Last year, I had database table full of authors’ names I’d entered in from various sources. Many of these names were simply variants of one another: eg
J. Smith and
John Smith. I had already associated many of these names with biographical information in another table. My problem now was to match up the unidentified name variants with the identified names.
I was using PHP for the project, and browsing through the docs, I came across some functions for matching strings. soundex, metaphone, and levenshtein.
soundex and metaphone are phonetic algorithms that output a code that will be the same for similar sounding words (though differently perhaps spelt): eg:
Smyth. I discounted these because my name variations would sound quite differently depending on how much of the name was given – eg:
Mr. John H. Smith.
Levenshtein looked more promising; you give it two strings, and it gives you the number of changes you would have to make to change one string into the other. eg:
levenshtein('Smith', 'Smyth'); // returns 1
Ok, great for variants, but what about abbreviations? So I subtract the difference between the two strings from the levenshtein distance between them. Ok, better, but still not great: I’ve got an integer that might be a crucial difference to short strings, and negligible to long strings. So I need a ratio: my integer divided by the length of the smallest string.
$levenshtein = levenshtein($known_name, $unknown_name); $lengthdifference = max($known_name, $unknown_name) - min($known_name, $unknown_name); $levenshtein-=$lengthdifference; $similarity = $levenshtein/strlen(min($known_name, $unknown_name));
So I experimented with this a bit, and found that a similarity of < 0.4
would get me (almost) all of my variants, and not too many false matches. (One weakness is that, for example,
The Reverend J. H. would not match
I used this to generate a form with each of the unknown names (and the facts that were known about them), presented along-side radio selects for the possible matching known names (and the biographical details).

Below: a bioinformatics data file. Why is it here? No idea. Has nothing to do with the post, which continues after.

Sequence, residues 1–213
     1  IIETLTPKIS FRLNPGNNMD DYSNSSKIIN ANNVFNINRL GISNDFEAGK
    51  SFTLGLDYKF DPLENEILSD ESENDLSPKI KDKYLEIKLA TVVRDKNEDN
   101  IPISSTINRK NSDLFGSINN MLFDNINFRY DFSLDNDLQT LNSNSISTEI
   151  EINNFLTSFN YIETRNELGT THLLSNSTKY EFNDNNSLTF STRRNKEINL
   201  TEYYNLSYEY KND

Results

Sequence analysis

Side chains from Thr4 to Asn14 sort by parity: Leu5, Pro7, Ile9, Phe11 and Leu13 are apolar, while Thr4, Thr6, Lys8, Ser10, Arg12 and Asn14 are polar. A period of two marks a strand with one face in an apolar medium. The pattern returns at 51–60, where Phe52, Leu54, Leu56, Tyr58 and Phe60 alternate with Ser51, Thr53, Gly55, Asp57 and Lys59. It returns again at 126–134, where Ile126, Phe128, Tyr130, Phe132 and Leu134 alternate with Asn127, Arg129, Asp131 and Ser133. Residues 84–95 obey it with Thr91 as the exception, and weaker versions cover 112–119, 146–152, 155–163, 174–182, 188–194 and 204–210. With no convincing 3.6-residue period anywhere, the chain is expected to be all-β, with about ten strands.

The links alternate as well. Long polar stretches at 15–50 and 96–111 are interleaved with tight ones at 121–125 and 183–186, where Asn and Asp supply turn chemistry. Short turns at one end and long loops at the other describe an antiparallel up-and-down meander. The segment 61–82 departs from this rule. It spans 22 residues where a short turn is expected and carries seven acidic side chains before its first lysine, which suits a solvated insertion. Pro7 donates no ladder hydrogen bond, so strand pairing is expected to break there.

I could then go through each of the unknown names, and relatively easily match it with the right person (from a managebly small, relatively plausible selection). – It should be noted that I was never trying to eliminate human decision altogether – human research was often necessary to determine if this John Smith really was the same as that John Smith.
I’ve posted this solution here because other people may have a similar problem, but also (more importantly) because my solution is stupid, and I’m hoping other people will post suggestions for better solutions.
My solution (although it worked well enough for me) is stupid because it does not take into consideration many of the things that a human reader would in making a judgement.
A human reader knows, for example, about titles like
Reverend, and knows that they are not integral to the name (for these purposes at least). A human reader would also give more weight to a surname, perhaps than a forename. A skilled human reader would know from the context which orthographical differences were significant: for example, in the Renaissance era, I might replace J, VV replace W, etc, and names might well be latinised (
'Peter' == 'Petrus').
A cleverer approach might have been to use a phonetic algorithm for the surname (assuming a surname can be separated from the rest of the string, perhaps with regular expressions), and if it passes that test, use my levenshtein-based approach with some other rules from human knowledge mixed in (eg: I == J). And if it was really clever, it might be able to look at the whole corpus to get an idea of context (eg: Is there a consistency to capitalisation or punctuation?).
Or perhaps even an AI approach – a program that could be trained to recognise good matches, much as you can train your email software to recognise junk mail?
(NB: Although this approach is ignorant about personal names, it is equally ignorant about other types of strings, such as place names and book titles; which at least means it is broadly applicable.)
Suggestions are most welcome.